How to fill a path

  • carlos

    carlos - 2010-07-01


    I am using your gdspy python module for a svg 2 gds converter. I was wondering if there is an easy way of controlling if a given shape can be filled or not. I am particularly interested in the path shape that in principle is never filled, unless I did not read carefully enough the documentation.

    many thanks for your help


  • Heitzmann

    Heitzmann - 2010-07-01

    Hi Carlos,

    From what I know, the GDSII format does not differentiate between filled or empty elements. It just describes the polygons by their vertices. That's because the GDSII is mainly used for CAD, and when you machine a shape in metal, for example, it's a solid object: it doesn't make sense to think about it without the fill.
    I don't know what exactly your application does, but are you sure you want to use the path class for SVG elements. At first I would think that you would use mostly polygons.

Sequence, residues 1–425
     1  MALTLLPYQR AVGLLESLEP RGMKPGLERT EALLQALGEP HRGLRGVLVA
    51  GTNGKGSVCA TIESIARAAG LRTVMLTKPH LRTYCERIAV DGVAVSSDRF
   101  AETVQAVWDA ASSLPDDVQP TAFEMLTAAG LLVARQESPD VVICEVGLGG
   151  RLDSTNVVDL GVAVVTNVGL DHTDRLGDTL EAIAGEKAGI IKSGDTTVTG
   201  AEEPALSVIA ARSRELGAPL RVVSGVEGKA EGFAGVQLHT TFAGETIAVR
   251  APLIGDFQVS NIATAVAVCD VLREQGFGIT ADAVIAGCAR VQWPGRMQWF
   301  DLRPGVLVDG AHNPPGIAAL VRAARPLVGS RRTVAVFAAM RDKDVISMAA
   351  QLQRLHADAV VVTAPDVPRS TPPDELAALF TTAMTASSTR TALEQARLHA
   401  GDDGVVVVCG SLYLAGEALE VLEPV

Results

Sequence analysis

If you want, post an example of your application and maybe I can help you further.


  • carlos

    carlos - 2010-07-02

    Thanks for the prompt reply Lucas,

    Well, many times SVG objects end up being svg-paths. With svg paths you are only able to draw the "contour" of the shape with your python program. An example can be a rectangle with round corners or, even, text. Since svg format is based on xml, it is very easy to write create fancy layouts with software and then, thanks to gdspy, convert to gds to export to other layout editors. Being able to fill those paths would be great.

    Once this is solved, it would also be nice to have some control on how to "connect" the gds segments of a path to improve continuity.

    I can send you examples if you send me your e-mail at 

  • Simon

    Simon - 2011-08-04

    GDS describes polygons in terms of vertices. Filling closed polygons is more of a task of the tool that uses this data. The way I respect gdspy is that it allows you to read the raw gds data and then do whatever you want with it, such as filling the polygons, which is specific to the tool your read the data into.


Log in to post a comment.